I am just done reading the 7th book of the year in the first month itself and I am quite happy with the speed I am about to complete my year's target of 60 books. I hope I achieve it without any further hurdles in this odyssey of reading. This time I picked up the debutante Shine Syamaladevi's The Ribbon Trap publishing by LiFi publication. The book is 271 pages thick but the disappointment is its price tag which is Rs. 295/-. In the country where even famous pulp authors like Chetan Bhagat and Durjoy Datta sell their book at Rs. 130, publication should think it 10 times before sticking such a price tag to a debutante work. It affects the author's career.
Well moving ahead, The Ribbon Trap begins with a sweet journey showing the two protagonists in a great relationship of love where the male is keeping care of the female as she is going through some problem related to depression and trauma. The sweetness gets interrupted when the author takes us in to the flashback because of which the girl, Smita, have reached this situation in a hospital where she in unable to remember her past properly. The flashback isn't any interesting until the 100th page or so when the real story begins on which the whole book has set its premises upon. The interest level continues until some 200th page or so and then the narration becomes very weak and the pre-climax isn't as interesting as a reader expects after reading some 100 pages of great page-turner value.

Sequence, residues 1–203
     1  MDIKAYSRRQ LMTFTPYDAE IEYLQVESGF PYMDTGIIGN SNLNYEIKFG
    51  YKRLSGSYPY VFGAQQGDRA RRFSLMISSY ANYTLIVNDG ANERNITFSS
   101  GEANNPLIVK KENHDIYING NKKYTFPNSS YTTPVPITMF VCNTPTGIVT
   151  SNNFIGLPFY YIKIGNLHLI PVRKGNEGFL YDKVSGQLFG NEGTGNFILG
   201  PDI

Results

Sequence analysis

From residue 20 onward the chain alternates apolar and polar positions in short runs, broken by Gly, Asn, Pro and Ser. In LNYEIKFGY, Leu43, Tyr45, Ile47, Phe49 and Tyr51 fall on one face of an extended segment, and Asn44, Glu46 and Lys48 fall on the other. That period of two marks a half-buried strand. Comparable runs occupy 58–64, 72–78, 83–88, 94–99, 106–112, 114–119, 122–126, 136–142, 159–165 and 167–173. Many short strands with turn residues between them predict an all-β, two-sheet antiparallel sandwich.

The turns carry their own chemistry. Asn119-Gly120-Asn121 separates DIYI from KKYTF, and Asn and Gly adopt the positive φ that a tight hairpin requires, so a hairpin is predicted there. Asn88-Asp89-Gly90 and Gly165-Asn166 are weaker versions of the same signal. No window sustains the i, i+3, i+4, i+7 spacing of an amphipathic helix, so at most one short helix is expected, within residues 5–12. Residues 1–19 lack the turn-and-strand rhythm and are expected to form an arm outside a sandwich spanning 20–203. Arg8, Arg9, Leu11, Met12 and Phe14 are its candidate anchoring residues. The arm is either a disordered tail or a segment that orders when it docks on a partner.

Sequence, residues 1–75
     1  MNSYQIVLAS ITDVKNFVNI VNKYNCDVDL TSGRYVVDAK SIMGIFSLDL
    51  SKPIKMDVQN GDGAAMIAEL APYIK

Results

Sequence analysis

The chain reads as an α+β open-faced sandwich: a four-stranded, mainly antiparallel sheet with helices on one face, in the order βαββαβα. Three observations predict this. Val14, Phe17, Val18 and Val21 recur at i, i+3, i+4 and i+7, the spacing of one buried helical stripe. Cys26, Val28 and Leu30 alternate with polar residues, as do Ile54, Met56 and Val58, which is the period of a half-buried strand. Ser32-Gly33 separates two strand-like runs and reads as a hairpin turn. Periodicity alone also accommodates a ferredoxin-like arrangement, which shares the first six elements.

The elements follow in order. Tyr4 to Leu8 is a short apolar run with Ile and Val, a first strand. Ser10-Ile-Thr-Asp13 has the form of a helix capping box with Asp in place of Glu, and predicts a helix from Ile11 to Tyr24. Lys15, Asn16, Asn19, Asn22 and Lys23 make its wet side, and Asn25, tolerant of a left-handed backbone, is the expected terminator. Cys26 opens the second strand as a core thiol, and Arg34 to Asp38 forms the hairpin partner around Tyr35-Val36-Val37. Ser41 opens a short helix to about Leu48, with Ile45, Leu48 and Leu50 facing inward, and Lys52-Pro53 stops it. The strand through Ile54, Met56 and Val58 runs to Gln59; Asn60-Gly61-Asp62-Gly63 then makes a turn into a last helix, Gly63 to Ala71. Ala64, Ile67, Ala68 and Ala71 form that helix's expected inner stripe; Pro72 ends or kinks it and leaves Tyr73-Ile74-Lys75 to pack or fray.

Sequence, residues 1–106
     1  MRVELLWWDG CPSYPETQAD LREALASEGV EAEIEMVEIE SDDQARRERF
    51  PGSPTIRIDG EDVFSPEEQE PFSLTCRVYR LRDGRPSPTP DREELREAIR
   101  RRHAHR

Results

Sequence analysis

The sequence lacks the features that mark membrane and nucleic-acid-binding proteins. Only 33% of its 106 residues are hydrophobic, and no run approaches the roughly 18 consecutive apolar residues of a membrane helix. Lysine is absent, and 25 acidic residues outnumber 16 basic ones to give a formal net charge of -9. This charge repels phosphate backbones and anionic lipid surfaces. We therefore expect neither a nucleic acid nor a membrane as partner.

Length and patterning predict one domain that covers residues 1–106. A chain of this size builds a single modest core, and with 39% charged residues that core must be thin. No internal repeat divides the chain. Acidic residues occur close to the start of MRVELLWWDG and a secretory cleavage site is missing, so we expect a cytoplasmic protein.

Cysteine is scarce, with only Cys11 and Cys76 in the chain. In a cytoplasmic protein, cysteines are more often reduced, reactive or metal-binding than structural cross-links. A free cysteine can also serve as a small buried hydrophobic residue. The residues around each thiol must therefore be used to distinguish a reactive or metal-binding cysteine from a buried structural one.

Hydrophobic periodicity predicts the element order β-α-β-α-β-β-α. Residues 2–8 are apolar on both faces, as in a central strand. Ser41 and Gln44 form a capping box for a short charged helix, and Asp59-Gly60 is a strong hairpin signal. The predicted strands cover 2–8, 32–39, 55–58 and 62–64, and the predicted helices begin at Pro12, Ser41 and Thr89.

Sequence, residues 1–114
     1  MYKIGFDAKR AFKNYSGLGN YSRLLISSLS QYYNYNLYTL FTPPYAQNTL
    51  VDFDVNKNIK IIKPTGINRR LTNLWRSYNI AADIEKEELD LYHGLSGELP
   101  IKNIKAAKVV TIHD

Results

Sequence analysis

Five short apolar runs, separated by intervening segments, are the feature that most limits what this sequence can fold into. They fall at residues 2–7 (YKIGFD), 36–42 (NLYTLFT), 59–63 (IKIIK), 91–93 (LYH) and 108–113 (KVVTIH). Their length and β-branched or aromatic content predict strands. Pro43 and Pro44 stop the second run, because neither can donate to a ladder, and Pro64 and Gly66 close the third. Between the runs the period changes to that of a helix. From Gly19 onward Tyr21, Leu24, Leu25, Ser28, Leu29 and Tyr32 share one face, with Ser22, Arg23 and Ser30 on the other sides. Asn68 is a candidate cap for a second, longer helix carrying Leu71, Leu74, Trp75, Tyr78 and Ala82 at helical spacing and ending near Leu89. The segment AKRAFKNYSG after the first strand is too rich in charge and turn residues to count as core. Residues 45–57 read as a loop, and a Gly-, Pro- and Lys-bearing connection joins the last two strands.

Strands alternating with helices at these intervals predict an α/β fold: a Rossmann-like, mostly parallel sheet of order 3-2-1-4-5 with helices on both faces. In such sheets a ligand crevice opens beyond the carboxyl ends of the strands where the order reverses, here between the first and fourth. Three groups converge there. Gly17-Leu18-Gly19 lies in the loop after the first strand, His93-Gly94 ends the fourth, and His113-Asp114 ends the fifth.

Shine has a fine command over the language which makes his narration pretty simple. The characterization of Smita is done wonderfully but I feel that he lacked when it came to giving importance to other character in the story. But I liked the author's effort in taking a risk of writing such a complex story in his first attempt itself rather than doubting his caliber. The twist that he suddenly brings in the flashback and the way he continued it by taking the story further from the present was interesting.
Coming to the drawbacks of this book I would say that because author isn't very great in the language, sometimes he is at loss of words in describing or narrating a scenario. Also there are many grammatical mistakes which are unavoidable. I can only advise the debutante author to read more books, understand how sentences are formed, generally the ones which are part of a conversation between characters. And read as many thriller books as possible because he has an inclination towards it. It would be great to read a thriller again from the author with better sentence formations, twists, turns and pre-climax where I found him a little lacking this time. I give this attempt 2.75* out of 5.
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ABHILASH RUHELA - VEERU!!!